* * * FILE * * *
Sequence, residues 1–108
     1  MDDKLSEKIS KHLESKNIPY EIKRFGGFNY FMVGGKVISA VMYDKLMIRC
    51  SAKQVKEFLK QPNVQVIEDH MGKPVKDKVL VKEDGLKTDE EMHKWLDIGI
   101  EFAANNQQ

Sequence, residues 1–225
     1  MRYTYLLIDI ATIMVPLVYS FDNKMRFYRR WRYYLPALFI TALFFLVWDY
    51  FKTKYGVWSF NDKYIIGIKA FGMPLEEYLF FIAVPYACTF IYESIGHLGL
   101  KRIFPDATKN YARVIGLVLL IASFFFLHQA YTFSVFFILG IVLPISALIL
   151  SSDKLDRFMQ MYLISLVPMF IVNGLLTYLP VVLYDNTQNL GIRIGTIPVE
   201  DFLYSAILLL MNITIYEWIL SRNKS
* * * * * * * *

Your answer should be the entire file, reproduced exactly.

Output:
Sequence, residues 1–108
     1  MDDKLSEKIS KHLESKNIPY EIKRFGGFNY FMVGGKVISA VMYDKLMIRC
    51  SAKQVKEFLK QPNVQVIEDH MGKPVKDKVL VKEDGLKTDE EMHKWLDIGI
   101  EFAANNQQ

Sequence, residues 1–225
     1  MRYTYLLIDI ATIMVPLVYS FDNKMRFYRR WRYYLPALFI TALFFLVWDY
    51  FKTKYGVWSF NDKYIIGIKA FGMPLEEYLF FIAVPYACTF IYESIGHLGL
   101  KRIFPDATKN YARVIGLVLL IASFFFLHQA YTFSVFFILG IVLPISALIL
   151  SSDKLDRFMQ MYLISLVPMF IVNGLLTYLP VVLYDNTQNL GIRIGTIPVE
   201  DFLYSAILLL MNITIYEWIL SRNKS